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Judging by a lot of the questions on this site, a career in Academia sounds very grim. Lots of pressure, extreme working ours, few benefits, mediocre salary, and, because one has to work with so many different people (supervisors, students, collaborators, HR, editors, etc., etc), one is more likely to run into social issues, as evidenced by the questions on this site.

So why then do so many people go into Academia? Is it really just a reason not to grow up?

"Passion for the field" doesn't sound very convincing either, when one considers that only a small, small minority of Academia actually produce worthwhile, interesting results. The rest are just scrambling for any sort of recognition by constantly publishing mediocre results that will be cited twice over the course of the next 10 years. Rinse and repeat. Really, a lot of these people are just glorified teachers whose main contribution is giving lectures or conferences. When one considers the rising academic dishonesty, fabrication, plagiarism, and so on, the picture becomes even worse.

marked as duplicate by henning, Herman Toothrot, user9646, gerrit, scaaahu Apr 24 '18 at 14:50

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    Of course, the questions on this site are not representative of 'Academia' at all - they are the outliers. I don't post questions about why it is that I've enjoyed 35+ years in grad school, as a post-doc, and at a national lab. Questioner bias at work... – Jon Custer Apr 24 '18 at 14:00
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    You are right. If you see no convincing reason for a career as an academic, then this is not for you. – GEdgar Apr 24 '18 at 14:02
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    “Passion for the field” - the passion shown by the person who taught you to read and write may have been sufficient satisfaction for them and they did not feel a need to publish any papers whatsoever. Others don’t have that patience or skill but do have a focus or determination that leads them to do research into the X of Y for years... – Solar Mike Apr 24 '18 at 15:48
  • There are actually places in the world where academia isn't grim at all and job prospects are pretty good. – MHL Apr 24 '18 at 22:22
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For the reasonable portion of your question, I'd say that I don't imagine myself doing anything else than creating stuff. It doesn't need to be in a university, but I do like to teach, so it is a perfect combination for me. I don't care much about money, but I really want that feeling of advancement, from a new method that works, or a student that grows competent and awesome over time.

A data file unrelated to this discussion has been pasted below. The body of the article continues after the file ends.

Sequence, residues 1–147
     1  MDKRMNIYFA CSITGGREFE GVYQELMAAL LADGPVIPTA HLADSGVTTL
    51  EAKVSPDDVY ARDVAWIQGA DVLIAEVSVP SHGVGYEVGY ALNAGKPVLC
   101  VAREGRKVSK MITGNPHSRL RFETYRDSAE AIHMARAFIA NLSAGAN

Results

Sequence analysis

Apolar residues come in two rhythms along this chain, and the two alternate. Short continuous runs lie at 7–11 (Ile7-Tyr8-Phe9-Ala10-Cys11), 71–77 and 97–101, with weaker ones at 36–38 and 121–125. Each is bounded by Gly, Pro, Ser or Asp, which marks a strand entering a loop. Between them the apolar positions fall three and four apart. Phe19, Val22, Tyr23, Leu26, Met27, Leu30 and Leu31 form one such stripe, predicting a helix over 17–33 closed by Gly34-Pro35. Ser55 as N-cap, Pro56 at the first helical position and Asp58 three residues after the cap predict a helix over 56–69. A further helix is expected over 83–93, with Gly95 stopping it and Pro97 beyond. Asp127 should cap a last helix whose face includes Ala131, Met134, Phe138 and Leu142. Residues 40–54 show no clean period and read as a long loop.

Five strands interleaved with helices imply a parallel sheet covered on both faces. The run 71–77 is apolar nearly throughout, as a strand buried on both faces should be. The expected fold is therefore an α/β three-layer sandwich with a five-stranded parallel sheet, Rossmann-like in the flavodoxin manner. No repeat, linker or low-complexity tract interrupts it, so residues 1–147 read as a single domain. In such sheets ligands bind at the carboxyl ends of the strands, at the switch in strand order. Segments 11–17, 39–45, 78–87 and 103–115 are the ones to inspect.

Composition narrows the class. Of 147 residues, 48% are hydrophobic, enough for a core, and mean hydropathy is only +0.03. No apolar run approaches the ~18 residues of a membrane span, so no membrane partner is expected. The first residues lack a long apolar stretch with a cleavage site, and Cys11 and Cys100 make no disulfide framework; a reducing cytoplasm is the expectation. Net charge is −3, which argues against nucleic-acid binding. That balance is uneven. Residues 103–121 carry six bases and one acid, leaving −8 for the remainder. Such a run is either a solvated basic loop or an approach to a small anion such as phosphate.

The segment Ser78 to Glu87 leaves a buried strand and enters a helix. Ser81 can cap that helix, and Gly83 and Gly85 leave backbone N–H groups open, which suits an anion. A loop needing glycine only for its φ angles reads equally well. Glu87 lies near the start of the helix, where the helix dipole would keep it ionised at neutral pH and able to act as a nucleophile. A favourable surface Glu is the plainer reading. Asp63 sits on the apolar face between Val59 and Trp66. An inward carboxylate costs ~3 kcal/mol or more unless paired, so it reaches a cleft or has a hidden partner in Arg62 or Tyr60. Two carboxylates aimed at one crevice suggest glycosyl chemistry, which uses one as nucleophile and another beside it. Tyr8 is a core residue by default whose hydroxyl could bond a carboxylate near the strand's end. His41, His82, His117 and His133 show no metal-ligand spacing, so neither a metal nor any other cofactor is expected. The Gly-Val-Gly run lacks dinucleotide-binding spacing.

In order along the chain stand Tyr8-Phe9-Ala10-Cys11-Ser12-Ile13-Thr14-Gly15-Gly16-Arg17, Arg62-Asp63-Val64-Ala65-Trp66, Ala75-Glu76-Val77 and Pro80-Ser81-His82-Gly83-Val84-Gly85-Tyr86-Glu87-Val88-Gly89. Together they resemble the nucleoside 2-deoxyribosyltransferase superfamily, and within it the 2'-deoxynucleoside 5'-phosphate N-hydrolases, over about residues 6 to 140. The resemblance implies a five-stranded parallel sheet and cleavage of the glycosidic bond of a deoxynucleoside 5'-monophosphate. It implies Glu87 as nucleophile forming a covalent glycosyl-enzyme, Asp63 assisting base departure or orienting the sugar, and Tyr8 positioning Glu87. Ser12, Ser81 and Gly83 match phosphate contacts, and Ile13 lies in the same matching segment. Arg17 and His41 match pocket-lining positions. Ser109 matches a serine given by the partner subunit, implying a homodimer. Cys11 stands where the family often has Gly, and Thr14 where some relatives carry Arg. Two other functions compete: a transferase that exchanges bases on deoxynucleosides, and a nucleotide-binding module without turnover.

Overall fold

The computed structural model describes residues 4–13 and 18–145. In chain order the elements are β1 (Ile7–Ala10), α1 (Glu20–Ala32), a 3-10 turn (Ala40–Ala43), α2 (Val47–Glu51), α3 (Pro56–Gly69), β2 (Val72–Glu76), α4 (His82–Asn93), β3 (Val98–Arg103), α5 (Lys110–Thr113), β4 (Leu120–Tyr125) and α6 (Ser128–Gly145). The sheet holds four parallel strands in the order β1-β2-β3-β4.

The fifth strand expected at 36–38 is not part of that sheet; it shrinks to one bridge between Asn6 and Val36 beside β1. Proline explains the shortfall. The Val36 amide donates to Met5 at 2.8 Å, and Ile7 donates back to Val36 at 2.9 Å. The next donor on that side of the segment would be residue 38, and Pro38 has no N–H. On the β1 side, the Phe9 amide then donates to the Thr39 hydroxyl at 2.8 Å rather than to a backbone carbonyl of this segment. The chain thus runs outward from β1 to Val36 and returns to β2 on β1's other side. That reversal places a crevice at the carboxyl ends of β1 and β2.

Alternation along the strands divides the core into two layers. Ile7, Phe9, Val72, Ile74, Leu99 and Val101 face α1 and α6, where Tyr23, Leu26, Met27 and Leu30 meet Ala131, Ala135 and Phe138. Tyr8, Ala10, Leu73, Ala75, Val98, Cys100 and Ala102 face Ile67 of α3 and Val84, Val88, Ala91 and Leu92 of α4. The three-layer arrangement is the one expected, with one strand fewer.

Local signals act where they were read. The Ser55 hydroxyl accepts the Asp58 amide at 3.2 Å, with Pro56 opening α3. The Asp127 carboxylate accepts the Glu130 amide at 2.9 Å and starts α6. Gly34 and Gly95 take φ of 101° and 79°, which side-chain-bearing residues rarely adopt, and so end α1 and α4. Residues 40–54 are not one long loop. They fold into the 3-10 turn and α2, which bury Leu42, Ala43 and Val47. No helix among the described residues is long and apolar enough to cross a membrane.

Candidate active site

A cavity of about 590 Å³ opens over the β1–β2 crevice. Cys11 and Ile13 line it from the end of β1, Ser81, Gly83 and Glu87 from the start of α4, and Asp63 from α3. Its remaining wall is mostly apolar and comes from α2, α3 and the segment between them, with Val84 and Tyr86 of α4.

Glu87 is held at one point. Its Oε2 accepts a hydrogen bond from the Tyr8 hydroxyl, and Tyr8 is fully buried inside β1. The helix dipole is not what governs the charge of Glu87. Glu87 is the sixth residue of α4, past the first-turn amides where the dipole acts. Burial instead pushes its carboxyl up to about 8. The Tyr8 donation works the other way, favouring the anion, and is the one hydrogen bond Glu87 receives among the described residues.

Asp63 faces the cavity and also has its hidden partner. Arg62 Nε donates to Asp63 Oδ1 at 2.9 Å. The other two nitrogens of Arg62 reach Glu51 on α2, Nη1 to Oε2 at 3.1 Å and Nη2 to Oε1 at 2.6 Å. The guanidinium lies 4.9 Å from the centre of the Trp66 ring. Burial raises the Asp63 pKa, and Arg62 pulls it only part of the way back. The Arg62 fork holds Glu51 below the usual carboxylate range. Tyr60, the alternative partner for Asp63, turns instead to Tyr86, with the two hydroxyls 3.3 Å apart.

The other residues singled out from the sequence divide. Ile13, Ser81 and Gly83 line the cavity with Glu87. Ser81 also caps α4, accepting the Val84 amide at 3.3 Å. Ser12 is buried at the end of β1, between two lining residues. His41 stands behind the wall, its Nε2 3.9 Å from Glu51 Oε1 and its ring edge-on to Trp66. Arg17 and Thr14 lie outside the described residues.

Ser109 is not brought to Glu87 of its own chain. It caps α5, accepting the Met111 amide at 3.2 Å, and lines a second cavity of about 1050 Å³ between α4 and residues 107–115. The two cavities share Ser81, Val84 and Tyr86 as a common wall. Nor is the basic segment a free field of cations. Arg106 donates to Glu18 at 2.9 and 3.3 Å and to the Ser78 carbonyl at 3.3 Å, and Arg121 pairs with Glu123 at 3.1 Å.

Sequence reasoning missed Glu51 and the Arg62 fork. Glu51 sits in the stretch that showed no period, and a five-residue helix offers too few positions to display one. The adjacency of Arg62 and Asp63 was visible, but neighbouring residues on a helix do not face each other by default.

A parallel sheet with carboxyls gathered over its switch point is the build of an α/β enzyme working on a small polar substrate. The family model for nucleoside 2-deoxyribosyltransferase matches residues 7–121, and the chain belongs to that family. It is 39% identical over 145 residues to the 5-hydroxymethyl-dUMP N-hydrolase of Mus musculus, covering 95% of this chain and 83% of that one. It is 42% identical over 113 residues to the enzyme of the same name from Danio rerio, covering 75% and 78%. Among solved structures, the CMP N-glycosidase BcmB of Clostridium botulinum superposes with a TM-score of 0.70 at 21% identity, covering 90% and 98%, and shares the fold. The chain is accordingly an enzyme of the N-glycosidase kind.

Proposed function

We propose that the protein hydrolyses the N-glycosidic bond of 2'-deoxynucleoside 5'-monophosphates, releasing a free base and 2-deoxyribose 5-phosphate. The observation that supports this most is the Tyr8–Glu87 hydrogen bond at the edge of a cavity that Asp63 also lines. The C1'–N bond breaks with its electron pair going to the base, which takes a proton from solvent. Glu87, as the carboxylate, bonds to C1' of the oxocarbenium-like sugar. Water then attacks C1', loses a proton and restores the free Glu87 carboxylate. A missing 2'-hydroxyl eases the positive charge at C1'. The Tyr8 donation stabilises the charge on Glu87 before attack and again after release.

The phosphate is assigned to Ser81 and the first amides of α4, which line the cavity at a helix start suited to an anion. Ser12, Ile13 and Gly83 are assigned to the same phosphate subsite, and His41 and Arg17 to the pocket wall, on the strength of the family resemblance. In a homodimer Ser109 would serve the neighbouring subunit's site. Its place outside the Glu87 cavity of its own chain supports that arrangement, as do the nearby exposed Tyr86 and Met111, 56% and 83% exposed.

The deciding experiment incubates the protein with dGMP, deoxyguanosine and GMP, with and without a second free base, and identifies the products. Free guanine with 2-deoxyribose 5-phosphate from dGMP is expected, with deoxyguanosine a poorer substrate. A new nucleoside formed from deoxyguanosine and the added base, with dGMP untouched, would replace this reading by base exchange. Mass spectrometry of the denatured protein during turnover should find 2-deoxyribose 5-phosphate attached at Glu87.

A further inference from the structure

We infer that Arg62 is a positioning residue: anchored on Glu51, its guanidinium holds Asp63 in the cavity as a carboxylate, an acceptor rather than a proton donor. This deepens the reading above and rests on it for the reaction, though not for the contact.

It is hard and competitive, but then again, is there any field one that isn't? Would it be rewarding if it wasn't? Not everyone that wants to be in academia should be there, but again, which field is free from that?

Regarding the non-reasonable portion of your question, I can't really think of anything more "grown-up" than being responsible for someone's education, which can shape their futures. Do a good job and a good student can be a rockstar. Do a bad job and a good student can get PTSD and shiver at the thought of an academic meeting.

I compared Faculty Tenure Track searches to "the hunger games" more than once. Doesn't mean I won't volunteer again :)

  • I have no clue what your final paragraph means. – gerrit Apr 24 '18 at 14:50
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    @gerrit: The reference is almost certainly to The Hunger Games book/movie series. See the "Setting" here, especially beginning with "... one boy and one girl from each ...". – Dave L Renfro Apr 24 '18 at 15:11
  • @DaveLRenfro yes, thanks. I naively assumed common knowledge. The essence is: a bunch of people get into a life or death fight (some have sponsors that can directly give advantages) where only one can survive at the end. While in the games people can make alliances, not so much on TT searches .... – Fábio Dias Apr 24 '18 at 16:51
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    It took me a while to realise that "TT" here referred to "Tenure Track", I kept thinking, what might it mean? – gerrit Apr 24 '18 at 17:45
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To paraphrase Tolstoy:

Happy workers are all alike; every unhappy worker is unhappy in his own way.

If everything's going well, you're probably not going to need to post on a site like this or Workplace.SE or whatever the equivalent is for your particular profession.

As for going into academia, it's a personal choice. If you love doing research—if the thrill of discovery and shepherding new talent is so irresistible—then it's worth the challenges, setbacks, failures, and sometimes tough conditions. If that's not for you, then it's something you want to steer clear of.

But that said, every workplace and every career is going to have its drawbacks. The question is if the problems are severe enough that they interfere with what you actually want to do. Most of the questions we get on this site are related to when things reach breaking points: when they're crises, not just problems.

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